I have used these machines to print out a picture or two, and they have worked out fine. Now, I recently heard a story of someone from the DISboards who had tried to use the machine by uploading their pics to a CD, and then erased their memory card after walking away. It sounded like she DID NOT CHECK the CD until they had returned home-and the cd was found to be blank. PLEASE PLEASE PLEASE if you must rely on these types of machines, you MUST make sure it worked before ever erasing your memory card.  These memories are priceless and I know that I would have been just as devastated as she was. Be proactive on it and make sure that your pictures are ALWAYS backed up.

Printing large numbers of WDW pictures- how can I keep the cost from getting out of hand?

Since I am a scrapbooker, I can tell you the best and cheapest way to print a large number of pictures is to do your homework.  Here in WI, I have several choices of where to print.  I used to take my memory cards and stand for endless hours at a Wal-Mart kiosk and pick and prod over what I wanted. I cannot tell you enough how much of a pain that is when you have endless pics to print- avoid it at all costs.  Simply do this. Upload your pictures to Walgreens, CVS, and/or other sites that you can trust and order them from the comfort of your pajamas at home.  If you aren’t in a hurry to have them, you can receive phenomenal offers each week via your email address. Register with most sites and get free prints to start off with as well! Most sites have  9-10 cent print deals which are HUGE when you compare most walk-up places charge 19 cents and more per print.  Watch for other photo gift deals as well, especially around the holidays.   The personal printers aren’t bad, but they are made for a couple of pictures at a time, not the hundreds you may need.  If you cannot afford to print all of yours in one sitting, pick a park or day for each time you order to keep the cost down, while still keeping everything organized.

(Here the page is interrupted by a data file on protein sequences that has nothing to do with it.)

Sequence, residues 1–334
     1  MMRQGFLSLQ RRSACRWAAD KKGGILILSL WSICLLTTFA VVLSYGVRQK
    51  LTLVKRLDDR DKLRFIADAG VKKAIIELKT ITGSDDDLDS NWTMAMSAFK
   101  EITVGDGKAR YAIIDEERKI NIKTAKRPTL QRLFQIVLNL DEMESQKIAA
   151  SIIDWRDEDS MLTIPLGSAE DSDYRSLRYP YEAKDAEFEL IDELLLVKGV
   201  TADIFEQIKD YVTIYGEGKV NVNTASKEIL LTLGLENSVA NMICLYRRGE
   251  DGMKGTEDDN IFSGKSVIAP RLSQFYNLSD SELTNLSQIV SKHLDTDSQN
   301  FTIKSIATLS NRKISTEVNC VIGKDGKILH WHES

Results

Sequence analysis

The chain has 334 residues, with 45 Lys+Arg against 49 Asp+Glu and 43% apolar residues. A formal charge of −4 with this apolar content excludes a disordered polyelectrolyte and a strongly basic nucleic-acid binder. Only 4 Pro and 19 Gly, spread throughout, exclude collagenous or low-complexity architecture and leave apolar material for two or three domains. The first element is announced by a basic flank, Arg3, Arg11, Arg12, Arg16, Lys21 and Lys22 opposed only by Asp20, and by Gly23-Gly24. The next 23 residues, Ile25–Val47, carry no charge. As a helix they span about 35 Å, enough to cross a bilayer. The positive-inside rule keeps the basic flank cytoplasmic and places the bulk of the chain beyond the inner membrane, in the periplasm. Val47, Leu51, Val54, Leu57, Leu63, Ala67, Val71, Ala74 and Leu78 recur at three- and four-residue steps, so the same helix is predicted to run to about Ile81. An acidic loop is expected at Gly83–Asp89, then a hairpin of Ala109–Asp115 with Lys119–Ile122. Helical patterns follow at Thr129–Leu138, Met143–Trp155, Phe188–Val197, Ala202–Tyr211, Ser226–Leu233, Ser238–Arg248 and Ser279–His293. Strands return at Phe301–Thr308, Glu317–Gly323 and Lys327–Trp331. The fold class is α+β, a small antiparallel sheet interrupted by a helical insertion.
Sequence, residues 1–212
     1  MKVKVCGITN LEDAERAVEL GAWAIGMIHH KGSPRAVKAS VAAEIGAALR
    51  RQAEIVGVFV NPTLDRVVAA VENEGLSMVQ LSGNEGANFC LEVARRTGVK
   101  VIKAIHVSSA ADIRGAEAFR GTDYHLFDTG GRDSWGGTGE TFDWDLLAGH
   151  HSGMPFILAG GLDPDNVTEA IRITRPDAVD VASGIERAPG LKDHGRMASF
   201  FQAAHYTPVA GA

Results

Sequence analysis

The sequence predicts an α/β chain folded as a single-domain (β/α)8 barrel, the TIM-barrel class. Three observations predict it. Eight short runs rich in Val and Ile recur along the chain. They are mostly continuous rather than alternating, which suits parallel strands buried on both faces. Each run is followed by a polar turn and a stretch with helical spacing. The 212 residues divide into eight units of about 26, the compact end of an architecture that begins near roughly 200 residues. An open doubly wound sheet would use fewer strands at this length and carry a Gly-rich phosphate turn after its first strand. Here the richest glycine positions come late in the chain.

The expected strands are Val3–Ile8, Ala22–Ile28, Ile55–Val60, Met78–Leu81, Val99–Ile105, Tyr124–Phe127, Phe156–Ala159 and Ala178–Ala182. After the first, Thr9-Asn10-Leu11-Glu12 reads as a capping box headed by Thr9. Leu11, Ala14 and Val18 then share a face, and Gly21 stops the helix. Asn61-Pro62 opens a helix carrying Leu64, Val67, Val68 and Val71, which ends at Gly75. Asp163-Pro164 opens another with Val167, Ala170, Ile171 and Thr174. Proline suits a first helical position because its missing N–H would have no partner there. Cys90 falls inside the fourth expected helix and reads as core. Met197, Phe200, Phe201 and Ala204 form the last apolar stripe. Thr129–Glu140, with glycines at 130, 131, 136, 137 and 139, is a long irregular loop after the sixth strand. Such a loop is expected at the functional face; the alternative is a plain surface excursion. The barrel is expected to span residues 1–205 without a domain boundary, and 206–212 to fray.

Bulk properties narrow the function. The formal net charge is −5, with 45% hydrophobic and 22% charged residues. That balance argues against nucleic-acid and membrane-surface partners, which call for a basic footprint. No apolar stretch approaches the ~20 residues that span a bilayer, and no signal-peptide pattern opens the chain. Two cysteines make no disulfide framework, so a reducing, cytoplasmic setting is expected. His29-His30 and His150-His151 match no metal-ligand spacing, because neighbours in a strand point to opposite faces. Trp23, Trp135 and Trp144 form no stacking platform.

Enjoy taking as many pictures as you would like, I mean, come on, you have to, you are at the best place on the planet! Have more questions? Post them in the comments and I will address them as soon as possible! Thanks for reading and have a magical day.

4 thoughts on “Taking Pictures is Making Memories

  • Don’t neglect a system like Flickr (http://www.flickr.com). Not only do you get infinite storage (with a pro account, which is inexpensive) but you get backups and a central location for all of your images.

    I have years and years of WDW pics up there, going back to the opening days of the Magic Kingdom. Scanning them and putting them online is a great way to connect up relatives, preserve the images from regular decay, and keep them in a place where you’ll always find them.

    Also, a site like Flickr (or Picasa, or Windows Live, etc) will typically have a production deal with a local outfit, so you can either have printed images shipped to you, or shipped to a local store. For our last trip to WDW, we had a 2010 calendar created of our uploaded images, so we could have memories of our time with Mickey all year long.

  • Like you, I take a 1,000+ photographs on each trip of more than 2 days. And I have done a good deal of damage on those short trips as well. It never ceases to amaze me how many pictures I continue to take after so many trips. I will continue shoot away though; the digital age makes it all so easy.

    Happy shooting!

  • I, too, take 100s of pics. I save them from the SD chip onto the computer and upload them to Snapfish. I order my prints when they have a special to keep costs down. Then I back up the pics from the computer onto a CD, check the CD to make sure they are on there (as Ellie suggested) and then delete from the computer so I don’t take up too much memory on the computer.
    I’ve made scrapbooks – love it! and movies on the computer. Christmas cards are a must and enlargements for framing. I have a great shot of the Disney Wonder cruise ship from Castaway Cay that I blew up to poster size and is framed in our family room.